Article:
Aquamarine is a gemstone that belongs to the beryl family and is known for its pale green-blue to medium dark blue color. Its name comes from the Latin word "aqua," which means "water," and "marina," which means "from the sea," reflecting the gemstone's color and association with the ocean.

Aquamarine is a hard and durable gemstone, making it suitable for use in all types of jewelry. It is often cut into faceted stones or shaped into cabochons for use in engagement and wedding rings, earrings, pendants, and other types of jewelry.

Aquamarine is found in various parts of the world, including Brazil, Madagascar, and Zambia. The color of aquamarine is caused by iron impurities within the crystal, and the deeper the color, the more valuable the gemstone is considered to be.

In addition to its beauty and durability, aquamarine is also believed to have certain healing properties and is often used in crystal healing practices. It is said to promote calm and balance, and to have a soothing effect on the mind and body.

Aquamarine has been popular for centuries, and it is still a highly sought-after gemstone today.

Platinum

Platinum is a white metallic element that is known for its strength, durability, and resistance to tarnish and corrosion. It belongs to a group of elements called the platinum group metals, which also includes osmium, iridium, palladium, rhodium, and ruthenium.

Platinum is often found in nature as an alloy, which is a mixture of two or more elements. It can be mixed with other platinum group metals or with other elements such as copper, nickel, or cobalt. It wasn't until 1804 that all of the elements in the platinum group were isolated and named, with the exception of osmium, which was not isolated until 1841.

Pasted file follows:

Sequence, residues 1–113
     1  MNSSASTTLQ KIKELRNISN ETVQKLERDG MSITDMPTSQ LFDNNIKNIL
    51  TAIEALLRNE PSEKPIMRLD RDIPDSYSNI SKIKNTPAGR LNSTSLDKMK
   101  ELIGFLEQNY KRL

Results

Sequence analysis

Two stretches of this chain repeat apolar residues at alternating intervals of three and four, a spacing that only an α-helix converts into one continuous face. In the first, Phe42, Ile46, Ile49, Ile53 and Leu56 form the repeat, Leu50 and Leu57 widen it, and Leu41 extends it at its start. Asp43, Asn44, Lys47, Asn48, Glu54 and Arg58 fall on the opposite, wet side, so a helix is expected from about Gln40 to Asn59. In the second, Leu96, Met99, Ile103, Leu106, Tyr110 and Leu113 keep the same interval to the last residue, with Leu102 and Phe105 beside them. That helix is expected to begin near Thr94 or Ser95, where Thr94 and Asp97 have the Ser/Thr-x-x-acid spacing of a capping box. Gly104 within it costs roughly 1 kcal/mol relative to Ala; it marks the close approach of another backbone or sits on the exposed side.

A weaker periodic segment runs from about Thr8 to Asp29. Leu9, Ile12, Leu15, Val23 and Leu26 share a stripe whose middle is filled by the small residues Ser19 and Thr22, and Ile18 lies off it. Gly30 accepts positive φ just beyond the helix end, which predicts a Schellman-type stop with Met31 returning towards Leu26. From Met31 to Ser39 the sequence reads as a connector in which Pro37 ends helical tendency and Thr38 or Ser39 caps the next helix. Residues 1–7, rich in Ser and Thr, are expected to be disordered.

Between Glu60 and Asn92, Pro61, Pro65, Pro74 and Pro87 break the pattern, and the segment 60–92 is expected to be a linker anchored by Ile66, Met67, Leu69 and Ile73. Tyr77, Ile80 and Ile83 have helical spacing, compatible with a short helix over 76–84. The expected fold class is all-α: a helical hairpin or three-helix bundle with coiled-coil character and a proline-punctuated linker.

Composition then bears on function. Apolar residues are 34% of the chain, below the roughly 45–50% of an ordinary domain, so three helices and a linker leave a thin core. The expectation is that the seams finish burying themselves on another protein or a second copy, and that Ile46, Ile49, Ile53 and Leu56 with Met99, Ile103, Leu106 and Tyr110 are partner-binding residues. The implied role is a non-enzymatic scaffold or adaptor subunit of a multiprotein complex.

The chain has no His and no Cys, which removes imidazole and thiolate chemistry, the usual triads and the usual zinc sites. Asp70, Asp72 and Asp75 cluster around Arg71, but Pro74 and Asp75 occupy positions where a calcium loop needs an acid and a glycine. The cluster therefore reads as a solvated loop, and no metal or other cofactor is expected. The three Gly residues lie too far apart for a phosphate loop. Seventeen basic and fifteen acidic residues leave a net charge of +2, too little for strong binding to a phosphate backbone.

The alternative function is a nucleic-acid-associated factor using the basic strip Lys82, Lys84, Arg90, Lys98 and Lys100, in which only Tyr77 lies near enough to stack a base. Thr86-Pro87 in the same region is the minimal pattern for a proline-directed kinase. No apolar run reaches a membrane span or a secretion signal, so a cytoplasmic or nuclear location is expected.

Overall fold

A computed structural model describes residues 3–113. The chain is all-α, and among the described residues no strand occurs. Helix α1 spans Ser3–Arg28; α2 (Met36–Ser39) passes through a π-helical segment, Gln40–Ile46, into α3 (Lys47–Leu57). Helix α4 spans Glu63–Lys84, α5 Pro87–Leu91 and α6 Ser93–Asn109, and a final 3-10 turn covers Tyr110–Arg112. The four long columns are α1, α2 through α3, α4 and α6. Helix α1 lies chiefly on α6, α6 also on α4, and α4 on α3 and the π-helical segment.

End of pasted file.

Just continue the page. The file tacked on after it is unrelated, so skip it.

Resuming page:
Platinum is a highly prized metal that is often used in the manufacture of fine jewelry. It is malleable, meaning that it can be easily molded and shaped, and it is ductile, meaning that it can be drawn into thin wires or sheets. It is also very strong, which makes it suitable for use in a wide range of applications.

Platinum is named after the Spanish word "platina," which means "little silver." It is thought to have been named this because of its white metallic luster, which is similar to that of silver. Platinum was first discovered by the Spanish conquistadors in South America, near the Pinto River in present-day Columbia.